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Lancet: Patients co-infected with intestinal parasites had lower odds of developing severe COVID-19

Africa, Co-infection, Coronavirus, Ethiopia, Hospitalization, Infection, Symptoms

751 SARS-CoV-2 infected patients with intestinal parasitic infection were enrolled. Patients co-infected with parasites had lower odds of developing severe COVID-19.

Only 27/255 (10.6%) severe COVID-19 patients were co-infected with intestinal parasites, while 257/496 (51.8%) non-severe COVID-19 patients were parasite positive (p<0.0001). Patients co-infected with parasites had lower odds of developing severe COVID-19, with an adjusted odds ratio (aOR) of 0.23 (95% CI 0.17–0.30; p<0.0001) for all parasites, aOR 0.37 ([95% CI 0.26–0.51]; p<0.0001) for protozoa, and aOR 0.26 ([95% CI 0.19–0.35]; p<0.0001) for helminths.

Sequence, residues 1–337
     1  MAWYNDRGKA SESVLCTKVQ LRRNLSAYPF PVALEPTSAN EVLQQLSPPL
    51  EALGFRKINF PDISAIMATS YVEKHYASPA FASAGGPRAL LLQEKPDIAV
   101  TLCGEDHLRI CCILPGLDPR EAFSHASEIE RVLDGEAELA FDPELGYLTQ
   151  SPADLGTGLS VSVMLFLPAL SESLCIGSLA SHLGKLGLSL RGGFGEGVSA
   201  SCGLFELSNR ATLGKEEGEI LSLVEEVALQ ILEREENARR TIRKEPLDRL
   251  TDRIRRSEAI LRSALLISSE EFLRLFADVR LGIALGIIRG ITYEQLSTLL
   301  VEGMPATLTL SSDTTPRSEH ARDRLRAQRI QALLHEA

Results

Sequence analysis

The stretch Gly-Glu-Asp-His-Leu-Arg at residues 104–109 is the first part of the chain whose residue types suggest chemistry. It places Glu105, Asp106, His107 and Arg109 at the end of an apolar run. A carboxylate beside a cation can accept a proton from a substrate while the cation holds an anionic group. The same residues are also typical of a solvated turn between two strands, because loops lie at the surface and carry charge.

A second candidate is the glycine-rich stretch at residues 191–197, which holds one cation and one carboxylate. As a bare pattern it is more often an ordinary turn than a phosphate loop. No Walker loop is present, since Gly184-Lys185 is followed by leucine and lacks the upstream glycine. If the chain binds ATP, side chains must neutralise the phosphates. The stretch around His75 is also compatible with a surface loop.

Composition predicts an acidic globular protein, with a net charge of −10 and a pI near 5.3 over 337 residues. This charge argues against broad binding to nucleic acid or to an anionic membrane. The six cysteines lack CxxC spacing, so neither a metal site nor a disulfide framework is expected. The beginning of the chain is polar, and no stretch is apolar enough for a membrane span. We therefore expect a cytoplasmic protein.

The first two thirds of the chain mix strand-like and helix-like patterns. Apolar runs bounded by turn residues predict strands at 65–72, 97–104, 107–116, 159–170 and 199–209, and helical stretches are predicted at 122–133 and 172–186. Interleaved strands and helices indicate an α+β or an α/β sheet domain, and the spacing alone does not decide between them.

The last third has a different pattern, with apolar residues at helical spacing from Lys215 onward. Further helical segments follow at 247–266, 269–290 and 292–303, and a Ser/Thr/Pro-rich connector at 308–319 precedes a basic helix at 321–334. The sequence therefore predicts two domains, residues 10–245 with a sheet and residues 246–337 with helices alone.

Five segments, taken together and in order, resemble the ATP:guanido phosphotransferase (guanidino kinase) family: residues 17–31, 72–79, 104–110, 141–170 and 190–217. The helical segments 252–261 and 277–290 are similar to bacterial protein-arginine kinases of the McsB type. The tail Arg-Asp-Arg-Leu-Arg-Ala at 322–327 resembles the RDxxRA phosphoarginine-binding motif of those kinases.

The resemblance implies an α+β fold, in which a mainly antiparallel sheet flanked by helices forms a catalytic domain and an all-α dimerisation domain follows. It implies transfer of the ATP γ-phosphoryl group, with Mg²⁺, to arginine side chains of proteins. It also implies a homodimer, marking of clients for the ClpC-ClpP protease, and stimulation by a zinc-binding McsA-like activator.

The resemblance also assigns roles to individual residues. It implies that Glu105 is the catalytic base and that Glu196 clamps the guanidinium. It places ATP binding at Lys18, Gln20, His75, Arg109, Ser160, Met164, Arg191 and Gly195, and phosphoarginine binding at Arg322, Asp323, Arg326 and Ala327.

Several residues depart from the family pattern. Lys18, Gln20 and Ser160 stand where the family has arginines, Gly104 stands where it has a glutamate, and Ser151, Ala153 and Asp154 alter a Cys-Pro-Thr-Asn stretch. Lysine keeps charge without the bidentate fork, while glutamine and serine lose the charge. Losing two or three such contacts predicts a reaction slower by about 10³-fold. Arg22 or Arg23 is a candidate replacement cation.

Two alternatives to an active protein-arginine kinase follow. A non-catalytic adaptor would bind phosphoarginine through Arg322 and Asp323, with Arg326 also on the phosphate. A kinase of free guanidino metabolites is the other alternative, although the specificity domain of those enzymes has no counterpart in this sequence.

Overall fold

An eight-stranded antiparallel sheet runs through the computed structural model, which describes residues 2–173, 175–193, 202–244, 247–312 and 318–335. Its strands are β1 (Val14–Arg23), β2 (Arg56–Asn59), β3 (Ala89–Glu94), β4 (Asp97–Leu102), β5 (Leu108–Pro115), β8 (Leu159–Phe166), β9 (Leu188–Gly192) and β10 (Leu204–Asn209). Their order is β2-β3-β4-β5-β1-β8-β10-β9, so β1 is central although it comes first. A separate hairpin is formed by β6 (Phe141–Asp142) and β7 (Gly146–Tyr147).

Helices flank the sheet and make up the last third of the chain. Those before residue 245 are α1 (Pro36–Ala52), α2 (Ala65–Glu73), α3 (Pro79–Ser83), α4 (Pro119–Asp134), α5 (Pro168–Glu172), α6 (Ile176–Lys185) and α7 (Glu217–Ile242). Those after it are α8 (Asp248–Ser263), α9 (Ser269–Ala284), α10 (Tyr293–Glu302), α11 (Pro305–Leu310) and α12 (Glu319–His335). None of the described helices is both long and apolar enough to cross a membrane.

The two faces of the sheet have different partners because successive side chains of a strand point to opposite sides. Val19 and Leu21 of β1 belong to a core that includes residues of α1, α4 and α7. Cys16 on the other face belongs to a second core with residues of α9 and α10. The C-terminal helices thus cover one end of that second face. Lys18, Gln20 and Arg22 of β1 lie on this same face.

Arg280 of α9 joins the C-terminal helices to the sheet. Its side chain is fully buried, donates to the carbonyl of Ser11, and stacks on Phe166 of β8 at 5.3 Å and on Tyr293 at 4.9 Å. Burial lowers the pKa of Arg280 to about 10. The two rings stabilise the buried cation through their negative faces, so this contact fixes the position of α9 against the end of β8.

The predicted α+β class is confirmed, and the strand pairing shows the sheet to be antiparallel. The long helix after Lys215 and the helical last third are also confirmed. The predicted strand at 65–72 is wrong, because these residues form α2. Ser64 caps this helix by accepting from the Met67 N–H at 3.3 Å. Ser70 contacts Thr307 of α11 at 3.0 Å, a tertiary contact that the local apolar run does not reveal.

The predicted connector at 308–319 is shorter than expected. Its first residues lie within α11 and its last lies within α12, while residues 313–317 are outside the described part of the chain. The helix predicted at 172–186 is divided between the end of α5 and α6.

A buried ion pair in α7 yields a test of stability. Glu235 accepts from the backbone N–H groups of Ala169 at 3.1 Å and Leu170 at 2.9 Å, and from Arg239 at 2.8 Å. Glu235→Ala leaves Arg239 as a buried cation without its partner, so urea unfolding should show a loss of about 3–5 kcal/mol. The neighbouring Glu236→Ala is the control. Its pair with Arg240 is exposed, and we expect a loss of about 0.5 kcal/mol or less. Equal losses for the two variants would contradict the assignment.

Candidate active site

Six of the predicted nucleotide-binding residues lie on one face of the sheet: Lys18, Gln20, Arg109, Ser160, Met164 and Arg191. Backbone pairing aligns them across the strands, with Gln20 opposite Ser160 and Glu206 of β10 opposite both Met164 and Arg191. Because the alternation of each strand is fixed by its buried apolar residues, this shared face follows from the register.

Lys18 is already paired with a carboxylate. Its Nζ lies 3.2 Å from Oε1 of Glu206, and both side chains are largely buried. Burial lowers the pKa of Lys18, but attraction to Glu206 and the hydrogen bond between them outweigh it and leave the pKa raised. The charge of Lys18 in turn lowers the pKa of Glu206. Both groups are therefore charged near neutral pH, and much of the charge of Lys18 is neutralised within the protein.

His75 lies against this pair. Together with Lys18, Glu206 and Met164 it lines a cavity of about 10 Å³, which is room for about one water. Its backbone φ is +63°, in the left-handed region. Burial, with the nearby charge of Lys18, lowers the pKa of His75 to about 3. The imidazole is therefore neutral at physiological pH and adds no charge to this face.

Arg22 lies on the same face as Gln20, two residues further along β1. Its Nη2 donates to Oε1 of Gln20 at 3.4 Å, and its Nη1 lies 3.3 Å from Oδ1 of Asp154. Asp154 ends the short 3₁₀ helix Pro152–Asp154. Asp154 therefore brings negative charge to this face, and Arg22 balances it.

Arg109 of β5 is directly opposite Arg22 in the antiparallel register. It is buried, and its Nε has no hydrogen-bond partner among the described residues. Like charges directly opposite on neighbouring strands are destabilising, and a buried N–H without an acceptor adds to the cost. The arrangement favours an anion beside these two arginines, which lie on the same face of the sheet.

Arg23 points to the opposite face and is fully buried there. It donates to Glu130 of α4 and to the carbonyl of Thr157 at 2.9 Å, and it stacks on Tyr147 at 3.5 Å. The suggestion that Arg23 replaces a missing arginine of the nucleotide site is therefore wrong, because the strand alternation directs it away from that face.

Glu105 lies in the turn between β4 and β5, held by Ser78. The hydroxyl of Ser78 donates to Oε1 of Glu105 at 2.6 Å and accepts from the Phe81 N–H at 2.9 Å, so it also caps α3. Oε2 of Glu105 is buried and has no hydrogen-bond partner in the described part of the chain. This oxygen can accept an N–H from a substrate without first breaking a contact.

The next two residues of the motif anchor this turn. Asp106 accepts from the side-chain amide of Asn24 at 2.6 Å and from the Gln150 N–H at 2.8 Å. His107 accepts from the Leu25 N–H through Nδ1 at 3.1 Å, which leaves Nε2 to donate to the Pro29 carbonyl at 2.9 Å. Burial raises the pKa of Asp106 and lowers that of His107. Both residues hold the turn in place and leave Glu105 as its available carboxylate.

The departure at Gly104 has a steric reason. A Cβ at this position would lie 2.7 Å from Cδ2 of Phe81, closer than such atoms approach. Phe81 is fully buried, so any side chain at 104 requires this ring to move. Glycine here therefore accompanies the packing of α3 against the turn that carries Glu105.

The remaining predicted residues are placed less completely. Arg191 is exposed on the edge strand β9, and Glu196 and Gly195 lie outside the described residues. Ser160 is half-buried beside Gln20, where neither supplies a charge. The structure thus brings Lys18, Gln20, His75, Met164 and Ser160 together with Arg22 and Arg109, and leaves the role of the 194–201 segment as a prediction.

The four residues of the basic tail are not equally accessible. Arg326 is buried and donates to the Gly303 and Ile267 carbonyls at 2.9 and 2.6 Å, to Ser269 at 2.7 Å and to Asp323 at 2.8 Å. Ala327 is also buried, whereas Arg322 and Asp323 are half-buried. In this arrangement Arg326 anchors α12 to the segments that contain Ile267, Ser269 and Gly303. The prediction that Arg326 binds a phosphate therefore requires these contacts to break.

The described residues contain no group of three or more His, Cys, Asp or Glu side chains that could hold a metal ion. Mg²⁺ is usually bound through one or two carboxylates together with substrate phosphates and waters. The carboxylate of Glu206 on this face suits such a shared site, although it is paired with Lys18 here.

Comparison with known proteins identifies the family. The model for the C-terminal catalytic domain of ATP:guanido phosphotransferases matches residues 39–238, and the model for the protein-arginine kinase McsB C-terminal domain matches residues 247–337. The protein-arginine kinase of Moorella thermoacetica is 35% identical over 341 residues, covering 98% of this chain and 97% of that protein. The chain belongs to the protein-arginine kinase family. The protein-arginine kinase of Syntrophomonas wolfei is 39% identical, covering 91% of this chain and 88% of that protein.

Interpretation: Parasite co-infection is associated with a reduced risk of severe COVID-19 in African patients. Parasite-driven immunomodulatory responses may mute hyper-inflammation associated with severe COVID-19.

Lancet paper: Effect of co-infection with intestinal parasites on COVID-19 severity: A prospective observational cohort study

 

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Image of Trichuris trichiura by By Daniel J. Drew – https://www.gbif.org/occurrence/1571554104, CC0, https://commons.wikimedia.org/w/index.php?curid=86159945